The day dawned bright and sunny. I hadn’t planned anything in particular so decided to take a ride on the river to Kew Gardens. The boat was a converted 1890’s barge and left from Westminster. Big Ben ringing twelve noon announced our scheduled departure. Since the weather was fine I rode the open top deck and had great views of the passing scene. We road passed the Houses of Parliament and the HQ of MI5 and MI6 and the sight of the new US embassy next to a trash recycling plant. Does anyone else find that strange? The old Embassy has been sold to the Saudis.
Luxury flats and million dollar houseboats have replaced the warehouses and barge docks. Our guide pointed out the “Homes of Rich and Famous” but I am so out of it that the only name I recognized was Michael Caine. Some of the buildings were “traditional boxes” but others were very innovative taking advantage of every river view. My favorite was a huge complex, each building resembling a ship, with views from the front and sides. My least favorite was a small group of buildings with balconies hanging off the side like lifeboats.
bridges across the Thames are each interesting in it’s own way and there are lots of them. As we passed out of London Center, the luxury flats gave way to boating and sailing clubs lining the banks. Further on willows draped down and birds fished. There were gulls, terns, cormorants and even herons. Watched a cormorant try and succeed in swallowing a freshly caught fish.
After a couple of hours we arrived at Kew. The gardens comprise about 300 acres. Most of the conservatories were constructed in the med 1800’s. It is a park like setting and all specimen trees are identified. One thing that struck me was the absence of wildlife. I never saw a squirrel or a chipmunk. Surprisingly the most prolific bird was the ………………. Canada Goose! There were magpies and pigeons but no songbirds. I took the tram and then strolled the grounds. I especially enjoyed the secluded garden, the rock garden and the Dukes garden. Then it was time for tea and a scone before heading back to the boat for the return trip.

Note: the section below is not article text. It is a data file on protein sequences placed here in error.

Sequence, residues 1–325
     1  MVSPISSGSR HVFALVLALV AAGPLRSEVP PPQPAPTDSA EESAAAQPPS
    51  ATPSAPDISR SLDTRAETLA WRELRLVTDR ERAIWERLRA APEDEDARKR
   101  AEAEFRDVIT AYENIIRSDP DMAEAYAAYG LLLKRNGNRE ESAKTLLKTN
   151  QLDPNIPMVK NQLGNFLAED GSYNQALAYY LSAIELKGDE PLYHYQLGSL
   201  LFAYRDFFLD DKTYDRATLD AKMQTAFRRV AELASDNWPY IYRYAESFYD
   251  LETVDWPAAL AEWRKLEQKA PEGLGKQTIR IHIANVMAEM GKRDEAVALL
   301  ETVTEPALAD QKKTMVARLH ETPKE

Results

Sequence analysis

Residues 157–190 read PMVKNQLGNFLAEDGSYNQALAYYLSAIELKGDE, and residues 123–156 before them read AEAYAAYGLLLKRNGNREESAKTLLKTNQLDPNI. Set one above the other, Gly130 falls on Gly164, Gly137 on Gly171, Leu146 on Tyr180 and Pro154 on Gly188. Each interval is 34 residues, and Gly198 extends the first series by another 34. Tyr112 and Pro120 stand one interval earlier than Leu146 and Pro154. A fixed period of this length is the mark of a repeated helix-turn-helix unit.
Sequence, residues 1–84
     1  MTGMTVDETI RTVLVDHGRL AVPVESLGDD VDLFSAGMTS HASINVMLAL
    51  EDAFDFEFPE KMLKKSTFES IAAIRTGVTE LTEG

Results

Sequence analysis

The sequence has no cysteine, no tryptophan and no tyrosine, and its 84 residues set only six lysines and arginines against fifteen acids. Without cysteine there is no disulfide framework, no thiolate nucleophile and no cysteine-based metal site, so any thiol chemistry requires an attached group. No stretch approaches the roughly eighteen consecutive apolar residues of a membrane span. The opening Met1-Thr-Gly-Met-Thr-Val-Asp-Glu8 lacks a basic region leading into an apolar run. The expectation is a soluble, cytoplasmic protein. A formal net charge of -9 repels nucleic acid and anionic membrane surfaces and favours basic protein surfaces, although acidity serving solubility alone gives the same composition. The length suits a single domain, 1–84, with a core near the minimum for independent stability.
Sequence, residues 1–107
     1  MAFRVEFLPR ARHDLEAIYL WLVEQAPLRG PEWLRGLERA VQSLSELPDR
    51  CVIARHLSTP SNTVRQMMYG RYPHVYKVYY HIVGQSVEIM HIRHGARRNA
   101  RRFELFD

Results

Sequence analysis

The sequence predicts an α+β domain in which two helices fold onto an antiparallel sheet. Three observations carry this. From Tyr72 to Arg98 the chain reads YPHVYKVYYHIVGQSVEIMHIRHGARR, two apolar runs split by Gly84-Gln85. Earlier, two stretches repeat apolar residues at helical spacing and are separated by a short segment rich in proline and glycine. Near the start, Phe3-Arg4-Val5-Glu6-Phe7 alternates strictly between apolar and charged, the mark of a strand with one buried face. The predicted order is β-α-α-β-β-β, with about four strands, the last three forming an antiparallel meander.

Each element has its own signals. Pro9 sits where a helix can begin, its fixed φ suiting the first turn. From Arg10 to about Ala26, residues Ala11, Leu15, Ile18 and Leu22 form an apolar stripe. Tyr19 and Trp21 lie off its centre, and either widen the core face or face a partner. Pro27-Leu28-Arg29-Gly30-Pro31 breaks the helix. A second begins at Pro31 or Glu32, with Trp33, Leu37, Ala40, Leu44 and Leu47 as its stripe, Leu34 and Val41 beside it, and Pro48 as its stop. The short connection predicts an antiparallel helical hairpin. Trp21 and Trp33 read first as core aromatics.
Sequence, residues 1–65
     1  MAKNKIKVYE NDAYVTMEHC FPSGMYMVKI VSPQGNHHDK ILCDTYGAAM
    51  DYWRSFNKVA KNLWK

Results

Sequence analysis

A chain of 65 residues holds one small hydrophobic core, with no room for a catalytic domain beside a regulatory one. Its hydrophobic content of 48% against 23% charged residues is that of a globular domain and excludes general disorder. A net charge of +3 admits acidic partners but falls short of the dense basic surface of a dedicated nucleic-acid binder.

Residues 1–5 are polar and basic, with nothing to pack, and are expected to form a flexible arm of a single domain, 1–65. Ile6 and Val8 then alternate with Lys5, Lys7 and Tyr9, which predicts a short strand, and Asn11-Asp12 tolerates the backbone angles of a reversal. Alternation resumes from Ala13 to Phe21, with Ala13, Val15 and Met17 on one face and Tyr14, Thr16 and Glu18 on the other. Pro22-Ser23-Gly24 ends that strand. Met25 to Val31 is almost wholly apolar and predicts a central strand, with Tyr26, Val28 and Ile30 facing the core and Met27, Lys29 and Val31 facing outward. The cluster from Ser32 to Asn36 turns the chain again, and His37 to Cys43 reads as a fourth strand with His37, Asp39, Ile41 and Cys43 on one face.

The Thames is a tidal estuary and we travel up river on the ebb tide. Coming back we fought
Just plain weird!
the high tide. The tidal bore is about twenty-one feet and it is very swift moving. This results in very brown water, as the silt never has a chance to settle. There are two strange vessels on the river. One is an oxygenator and the other is a debris collector. Both are employed to keep the river healthy.
After a glass of chardonnay at the hotel I walked down the street to a Greek restaurant. I enjoyed lamb prepared three ways; grilled, kabob and minced. Actually my favorite was the minced as the others were too well done for me. Hot flat bread and yoghurt dipping sauce made a tasty, filling meal.
Today’s discovery is that I don’t bake my scones nearly enough. The ones I have had are rock hard on the outside and cakelike on the inside. Mine are sort of crumbly. Actually, I like mine better.
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